All this is academic where you're concerned, but may be of help to anyone else thinking of parting with a big chunk of their hard-earned dosh.
You're right about checking what's included in the package, Colin. Darty clearly labels the specs and what you get for your money. I did not get useless software that I didn't want, which was great.ReplyDelete
Darty used to be a great shop. Then it was bought by the British. Not so good now. Service poor. The people aren't knowledgeable any more. I go to other shops.ReplyDelete
Reader's comment on one of the blogs in "Ouest France"ReplyDelete
Ras le bol des donneurs de leçons expatriés
mardi 30 janvier 2007 à 09:57, par Gérard (Saint Brieuc)
"Je suis avec attention les longs discours de des mêmes intervenants ( vous travaillez quand ? vous dormez quand ? ) qui nous donnent des leçons sur la prétendue " faillite " de la France , culpabilisant à outrance la majorité des Français qui travaillant durement pour des salaires médiocres doivent battre leur coulpe.
Pour en revenir aux donneurs de leçons expatriés. C'était votre droit d'aller voir ailleurs, mais, de grâce, arrêtez de cracher votre mépris sur la majorité des Français .
Arrêtez de vous faire passer pour des réfugiés politiques ayant quitté un pays dirigé par des dictateurs.
Lorsque un certain Charles DE GAULLE s'est expatrié en Angleterre, ce n'était pas pour cracher sur les Français et encore moins sur les Bretons.
Alors, chères élites, allez ou bon vous semble, mais arrêtez de nous donner des leçons de morale. On fera sans vous."
Is it any consolation, Sarah, to know that the French have to endure their own "Richard d'Orleans" in reverse, eg Pierre de Putney, who move abroad, and then slag off the mother country ?
No, I didn't think it would be. Sorry I asked.
Richard, I've never had any problems with Darty's service record, nor with the knowledge of their sales-staff. I never rely totally on sales-staff, anyway. You never know how much they are being driven by sales %ages.ReplyDelete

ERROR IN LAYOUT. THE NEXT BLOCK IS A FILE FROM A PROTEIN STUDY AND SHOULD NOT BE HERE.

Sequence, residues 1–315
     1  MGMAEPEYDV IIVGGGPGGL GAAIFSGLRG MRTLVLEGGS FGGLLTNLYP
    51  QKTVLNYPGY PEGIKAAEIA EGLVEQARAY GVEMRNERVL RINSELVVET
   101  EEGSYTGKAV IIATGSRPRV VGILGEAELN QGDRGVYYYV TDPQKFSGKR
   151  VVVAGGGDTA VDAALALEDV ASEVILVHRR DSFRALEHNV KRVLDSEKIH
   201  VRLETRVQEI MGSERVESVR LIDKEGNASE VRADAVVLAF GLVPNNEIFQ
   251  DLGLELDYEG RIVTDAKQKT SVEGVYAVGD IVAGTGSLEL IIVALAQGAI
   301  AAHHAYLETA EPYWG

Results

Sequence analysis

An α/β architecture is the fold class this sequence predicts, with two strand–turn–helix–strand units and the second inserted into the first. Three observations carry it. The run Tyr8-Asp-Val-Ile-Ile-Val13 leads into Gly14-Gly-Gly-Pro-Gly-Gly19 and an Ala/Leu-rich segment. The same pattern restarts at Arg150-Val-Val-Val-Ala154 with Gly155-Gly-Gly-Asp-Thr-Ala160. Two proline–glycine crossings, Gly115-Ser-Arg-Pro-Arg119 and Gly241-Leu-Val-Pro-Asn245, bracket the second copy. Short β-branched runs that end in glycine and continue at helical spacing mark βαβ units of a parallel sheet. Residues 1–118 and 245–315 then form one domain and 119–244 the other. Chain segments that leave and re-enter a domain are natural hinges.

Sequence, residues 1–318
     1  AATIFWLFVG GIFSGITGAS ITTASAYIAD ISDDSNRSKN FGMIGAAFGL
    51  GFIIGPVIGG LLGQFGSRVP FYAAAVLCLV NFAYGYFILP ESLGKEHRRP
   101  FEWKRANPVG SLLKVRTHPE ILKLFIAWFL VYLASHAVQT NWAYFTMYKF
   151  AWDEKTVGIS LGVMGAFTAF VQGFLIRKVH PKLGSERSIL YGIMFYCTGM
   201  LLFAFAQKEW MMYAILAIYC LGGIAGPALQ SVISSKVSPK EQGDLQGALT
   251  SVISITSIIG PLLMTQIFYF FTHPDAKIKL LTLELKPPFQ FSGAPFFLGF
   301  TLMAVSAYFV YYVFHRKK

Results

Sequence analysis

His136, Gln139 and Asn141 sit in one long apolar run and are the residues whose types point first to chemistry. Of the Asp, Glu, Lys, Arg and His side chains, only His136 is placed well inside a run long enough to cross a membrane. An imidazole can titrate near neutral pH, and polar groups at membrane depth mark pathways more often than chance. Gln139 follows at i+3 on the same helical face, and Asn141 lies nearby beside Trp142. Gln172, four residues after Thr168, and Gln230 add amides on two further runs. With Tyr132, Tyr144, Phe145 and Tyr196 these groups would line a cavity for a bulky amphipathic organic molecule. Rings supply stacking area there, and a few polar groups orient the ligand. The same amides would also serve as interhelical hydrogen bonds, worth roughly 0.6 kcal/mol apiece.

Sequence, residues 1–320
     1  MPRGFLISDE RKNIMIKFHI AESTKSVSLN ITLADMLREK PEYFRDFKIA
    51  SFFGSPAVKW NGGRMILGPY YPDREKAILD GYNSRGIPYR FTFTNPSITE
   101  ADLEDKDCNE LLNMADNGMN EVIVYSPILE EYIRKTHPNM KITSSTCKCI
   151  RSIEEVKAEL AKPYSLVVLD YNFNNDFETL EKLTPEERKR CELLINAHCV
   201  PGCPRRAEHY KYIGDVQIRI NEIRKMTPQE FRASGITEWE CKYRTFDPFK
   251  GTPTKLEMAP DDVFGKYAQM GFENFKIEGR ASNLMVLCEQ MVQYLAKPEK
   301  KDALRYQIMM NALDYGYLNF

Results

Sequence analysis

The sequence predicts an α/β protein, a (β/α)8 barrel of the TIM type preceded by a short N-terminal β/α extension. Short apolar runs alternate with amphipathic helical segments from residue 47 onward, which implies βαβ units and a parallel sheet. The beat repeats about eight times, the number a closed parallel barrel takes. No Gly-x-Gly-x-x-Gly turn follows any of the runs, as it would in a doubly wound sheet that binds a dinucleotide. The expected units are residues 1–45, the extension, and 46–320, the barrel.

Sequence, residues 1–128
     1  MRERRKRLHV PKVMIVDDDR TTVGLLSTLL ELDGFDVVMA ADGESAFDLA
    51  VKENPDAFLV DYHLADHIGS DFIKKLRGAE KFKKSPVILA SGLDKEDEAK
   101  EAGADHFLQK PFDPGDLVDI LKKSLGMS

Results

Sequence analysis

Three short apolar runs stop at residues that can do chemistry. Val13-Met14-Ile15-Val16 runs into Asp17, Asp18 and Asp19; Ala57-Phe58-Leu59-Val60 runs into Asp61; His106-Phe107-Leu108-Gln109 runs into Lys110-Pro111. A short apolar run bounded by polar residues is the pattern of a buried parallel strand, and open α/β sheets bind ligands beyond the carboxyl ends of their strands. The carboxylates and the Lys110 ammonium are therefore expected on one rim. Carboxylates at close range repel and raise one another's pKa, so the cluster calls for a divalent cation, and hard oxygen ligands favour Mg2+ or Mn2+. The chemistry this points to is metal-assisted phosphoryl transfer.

Colin, it's no consolation, but it's funny even so. He and Richard could snarl at each other from across the Channel.
Charles de Gaulle left on the first plane available. Great man.ReplyDelete
We know what it is of Orléans that entrances Richard. Now what could Pierre find delightful in Putney? Maybe the planes that drone overhead at 30 second intervals. Or would it be the CO from the perma traffic jam in Putney high street. The ugly block of flats overlooking the river might challenge his aesthetic senses. How about a walk over Putney Bridge, under grey sky, across an unprepossessing stream severely bordered by concrete on both sides. Maybe he gets his kicks from the bottom end of the New Kings Road, run down and tatty. A sprint over the ugly playing field, ill maintained, is hardly enticing.. No surely the cherry of his eye is the fag end of the British Raj, otherwise known as the Hurlingham club.
Tu demandes ce qui plaît à Pierre de Putney en Grande Bretagne ? Eh bien, voilà !ReplyDelete
En France, le mot "risque" est un gros mot. Ici, si on veut travailler, on réussit, pas comme en France. C'est plus libéral - pas de 35 heures. Le Royaume Uni a su trouver le juste équilibre entre la protection sociale et le plein emploi, grâce à la transformation des résultats économiques du pays au cours des quinze dernières années. D'un autre côté mon enterprise FRANCE est déjà mal en point. L'avenir de mon pays m'inquiète chaque jour un peu plus.
Well, I think there are pros and cons for both countries and it's up to each of us to find what works best for him/herself.ReplyDelete